Falls Prevention Awareness Week starts September 22. This 1942 cartoon from the Kaiser Richmond shipyard newspaper Fore ’n’ Aft illustrated remarks from Secretary of the Navy Frank Knox about industrial accidents on the World War II home front. “We have no time to train replacement workers… We cannot afford to permit accidents to encroach upon that bare minimum of time.”

Falls were among the largest contributors to shipyard accidents, which overall accounted for approximately 5 percent of employee absenteeism. But campaigns around safety education and rule enforcement made a difference – the frequency and severity of accidental injuries dropped 50% from 1941 to 1942, an improvement unsurpassed by any major industry in the United States.

These days, Kaiser Permanente still seeks to reduce fall-related injuries, for both employees and patients.

An injury-free workplace is an essential ingredient of high-quality, affordable patient care. Kaiser Permanente has set the goal of eliminating all causes of work-related injuries and illnesses. “Slip, trip, and fall” prevention is part of a comprehensive workplace safety strategy, designed to keep employees safe and create a workplace free from harm.

A focus on patient safety comes from the “No One Walks Alone” program – pioneered at the San Diego Medical Center and adopted at the Moanalua Medical Center in Hawaii – where the number of patient falls was reduced by more than half. And last year, the Kaiser Permanente Washington Health Research Institute contributed an editorial accompanying the latest JAMA study about preventing falls among seniors.

For 10 tips on preventing falls, see this infographic.

 

Short link to this article: https://k-p.li/2QKLYlj

 

 

When Labor and Management Work Side by Side

posted on September 2, 2018

Lincoln Cushing, Heritage writer

 

Two black Kaiser Richmond shipyard #4 employees, "Labor Management," 1/4/1944

Two black Kaiser Richmond shipyard #4 employees, “Labor Management,” 1/4/1944

During World War II, American industrialist Henry J. Kaiser’s job was building ships to win the war. Everything else — the housing and transportation infrastructure required to accommodate the influx of workers, even the incredible health care program that is his greatest surviving legacy — was a secondary, but necessary, part of the deal. And it was accomplished with a remarkable level of respect and cooperation between labor and management.

In an article titled “Class Bitterness Most Serious Problem for Labor, Management” in the Oakland Tribune September 9, 1943, Kaiser said “There is no such thing as labor relations. There are only human relations. You are dealing with people, not impersonal problems of finance or electronics. There are three sides to every argument — your side, my side, and the right side.”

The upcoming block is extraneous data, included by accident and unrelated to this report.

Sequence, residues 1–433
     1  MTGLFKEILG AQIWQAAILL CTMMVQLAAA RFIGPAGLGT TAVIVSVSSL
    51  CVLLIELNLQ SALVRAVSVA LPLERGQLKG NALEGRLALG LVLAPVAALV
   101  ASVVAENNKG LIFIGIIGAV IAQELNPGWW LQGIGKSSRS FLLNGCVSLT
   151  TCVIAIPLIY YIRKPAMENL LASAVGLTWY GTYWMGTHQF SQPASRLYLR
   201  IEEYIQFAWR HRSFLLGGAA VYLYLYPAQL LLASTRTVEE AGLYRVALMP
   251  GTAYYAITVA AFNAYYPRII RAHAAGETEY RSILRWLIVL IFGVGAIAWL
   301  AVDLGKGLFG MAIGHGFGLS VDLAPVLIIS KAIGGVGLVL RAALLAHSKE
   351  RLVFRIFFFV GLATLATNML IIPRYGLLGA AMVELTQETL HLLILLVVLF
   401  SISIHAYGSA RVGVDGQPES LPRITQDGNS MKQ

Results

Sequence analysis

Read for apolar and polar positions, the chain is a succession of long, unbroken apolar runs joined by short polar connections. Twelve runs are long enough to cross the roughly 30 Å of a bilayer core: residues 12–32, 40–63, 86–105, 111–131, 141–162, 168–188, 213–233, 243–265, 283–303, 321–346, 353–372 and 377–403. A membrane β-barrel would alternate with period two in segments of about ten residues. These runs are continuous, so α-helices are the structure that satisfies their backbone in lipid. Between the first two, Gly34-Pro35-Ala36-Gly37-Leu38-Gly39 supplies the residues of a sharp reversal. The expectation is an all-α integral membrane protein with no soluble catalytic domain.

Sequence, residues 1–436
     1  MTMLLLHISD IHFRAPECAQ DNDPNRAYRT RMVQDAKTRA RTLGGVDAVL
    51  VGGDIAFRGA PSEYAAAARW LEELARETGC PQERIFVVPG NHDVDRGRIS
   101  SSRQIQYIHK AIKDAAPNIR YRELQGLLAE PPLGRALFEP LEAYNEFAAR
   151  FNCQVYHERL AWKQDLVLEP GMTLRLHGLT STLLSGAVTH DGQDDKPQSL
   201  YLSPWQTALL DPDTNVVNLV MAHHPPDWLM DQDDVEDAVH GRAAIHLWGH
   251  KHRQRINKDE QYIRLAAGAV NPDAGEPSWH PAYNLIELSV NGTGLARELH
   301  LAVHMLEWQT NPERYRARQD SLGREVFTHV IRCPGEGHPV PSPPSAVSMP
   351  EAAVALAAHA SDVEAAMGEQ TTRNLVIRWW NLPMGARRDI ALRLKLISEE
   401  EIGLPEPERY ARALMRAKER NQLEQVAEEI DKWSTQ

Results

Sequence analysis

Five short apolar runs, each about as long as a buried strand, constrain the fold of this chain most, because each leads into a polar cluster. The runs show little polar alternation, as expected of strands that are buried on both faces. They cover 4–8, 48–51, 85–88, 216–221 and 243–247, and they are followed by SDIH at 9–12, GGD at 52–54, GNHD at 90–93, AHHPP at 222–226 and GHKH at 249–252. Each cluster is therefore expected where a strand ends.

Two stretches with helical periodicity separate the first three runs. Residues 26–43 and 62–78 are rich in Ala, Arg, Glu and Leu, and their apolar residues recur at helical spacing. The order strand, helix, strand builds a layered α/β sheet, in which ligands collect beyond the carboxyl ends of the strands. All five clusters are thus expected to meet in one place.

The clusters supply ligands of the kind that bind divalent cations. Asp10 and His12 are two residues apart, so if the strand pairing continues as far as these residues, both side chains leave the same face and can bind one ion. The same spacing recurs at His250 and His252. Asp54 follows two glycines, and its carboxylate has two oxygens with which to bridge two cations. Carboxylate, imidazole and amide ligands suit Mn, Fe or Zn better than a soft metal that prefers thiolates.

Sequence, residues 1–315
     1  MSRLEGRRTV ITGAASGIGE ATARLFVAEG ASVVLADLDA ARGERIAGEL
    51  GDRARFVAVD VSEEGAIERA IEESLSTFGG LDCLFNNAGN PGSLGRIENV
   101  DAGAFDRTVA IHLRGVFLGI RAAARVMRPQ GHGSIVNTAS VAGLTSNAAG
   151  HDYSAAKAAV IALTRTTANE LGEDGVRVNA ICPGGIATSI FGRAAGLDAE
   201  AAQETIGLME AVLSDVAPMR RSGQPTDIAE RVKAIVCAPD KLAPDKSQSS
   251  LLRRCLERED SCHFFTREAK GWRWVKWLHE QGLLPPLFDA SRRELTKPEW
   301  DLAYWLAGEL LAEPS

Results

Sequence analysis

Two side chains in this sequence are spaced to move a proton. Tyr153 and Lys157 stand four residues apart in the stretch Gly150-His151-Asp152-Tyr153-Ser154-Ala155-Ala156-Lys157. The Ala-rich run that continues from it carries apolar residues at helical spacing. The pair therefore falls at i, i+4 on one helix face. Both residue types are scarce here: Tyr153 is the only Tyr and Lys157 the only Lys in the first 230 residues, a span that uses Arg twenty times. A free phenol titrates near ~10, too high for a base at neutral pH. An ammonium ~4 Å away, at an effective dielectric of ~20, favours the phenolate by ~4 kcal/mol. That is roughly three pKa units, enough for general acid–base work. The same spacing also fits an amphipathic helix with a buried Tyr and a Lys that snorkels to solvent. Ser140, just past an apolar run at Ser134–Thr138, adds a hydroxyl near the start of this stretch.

Cooperation was pragmatic. Since Kaiser’s approach to building ships — like products in an assembly line — was new and evolving, there was an urgent need for innovation and shop-floor creativity. Workers were always coming up with more effective and efficient approaches, and rewards ranged from War Bonds to the right to christen a ship.

This cooperation was the task of Labor-Management Committees, established in early 1942 at the behest of the War Production Board. When the committees were first set up, some saw it as a plan by industry to throttle unions, but the WPB directive stated “The plan is not to further any special interests of any group nor to promote company unions or to interfere with bargaining machinery.”

Article about role of Labor-Management Committees, Richmond shipyards, 8/6/1943

Article about role of Labor-Management Committees, Richmond shipyards, 8/6/1943

Since production improvement involved many things besides mere mechanics, the committees also concerned themselves with many other matters, such as housing, food, transportation and morale. Valuable suggestions were shared with other shipyards, and by the end of 1944 over 3,000 ideas had come forward that saved an estimated $45 million and 31 million labor-hours.

Today’s health care worksite may not be the war-driven frenzy of the Kaiser shipyards, but it still relies on worker wisdom to serve Kaiser Permanente members through its unit-based teams. These are groups of frontline employees, managers, physicians and dentists whose work brings them together naturally and who collaborate with one another to improve member and patient care.  The Kaiser Permanente Labor Management Partnership’s UBTs continue the tradition of healthy competition and innovation to achieve results.

"Labor-Management Award Winners," the Bo's'n's Whistle 11/25/1943

“Labor-Management Award Winners,” the Bo’s’n’s Whistle 11/25/1943

Recent examples of successes include a UBT at Kaiser Permanente’s Capitol Hill Medical Center in Washington, D.C., that adjusted to a big jump in Kaiser Permanente member enrollment and improved patient care at the same time;  a team at Colorado’s Ridgeline Behavioral Health which reduced the number of unnecessary Emergency Department visits while still ensuring patient care; and a Sacramento pharmacy that helped members reduce wait times.

Henry J. Kaiser’s vision of labor-management cooperation was channeled by Harry Caulfield, MD, a previous Executive Director of The Permanente Medical Group, when Dr. Caulfield described the first National Partnership Agreement signed in 1997: “When we work together, then we’re able to progress together. But without each other, neither one of us will be able to accomplish anything near what we could accomplish together.”

 

Top photo courtesy of the National Park Service, Rosie the Riveter/WWII Home Front NHP, RORI 5049_Box 4-02

Short link to this article: https://k-p.li/2wCB3kt